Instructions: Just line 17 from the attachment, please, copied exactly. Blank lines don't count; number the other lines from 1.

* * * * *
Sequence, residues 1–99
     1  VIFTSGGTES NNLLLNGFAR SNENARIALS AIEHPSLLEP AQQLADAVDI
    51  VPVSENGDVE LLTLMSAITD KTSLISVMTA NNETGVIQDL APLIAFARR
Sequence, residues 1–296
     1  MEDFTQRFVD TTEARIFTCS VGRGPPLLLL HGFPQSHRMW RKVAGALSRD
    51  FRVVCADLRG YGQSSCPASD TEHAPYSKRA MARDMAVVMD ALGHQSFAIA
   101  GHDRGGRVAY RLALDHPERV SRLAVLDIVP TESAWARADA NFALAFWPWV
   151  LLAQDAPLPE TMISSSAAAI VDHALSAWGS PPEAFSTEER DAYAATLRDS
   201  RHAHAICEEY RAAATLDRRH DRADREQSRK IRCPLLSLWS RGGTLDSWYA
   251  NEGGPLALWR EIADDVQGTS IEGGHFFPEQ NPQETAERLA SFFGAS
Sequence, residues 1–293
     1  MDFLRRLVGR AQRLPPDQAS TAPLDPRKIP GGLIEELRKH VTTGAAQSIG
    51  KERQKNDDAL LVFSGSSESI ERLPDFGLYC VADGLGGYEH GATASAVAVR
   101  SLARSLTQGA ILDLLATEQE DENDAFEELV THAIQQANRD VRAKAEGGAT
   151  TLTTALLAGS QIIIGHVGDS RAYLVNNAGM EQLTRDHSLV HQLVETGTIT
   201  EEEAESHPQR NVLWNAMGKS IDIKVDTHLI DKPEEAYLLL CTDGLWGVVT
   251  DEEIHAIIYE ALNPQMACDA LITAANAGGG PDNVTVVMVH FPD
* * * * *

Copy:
   251  DEEIHAIIYE ALNPQMACDA LITAANAGGG PDNVTVVMVH FPD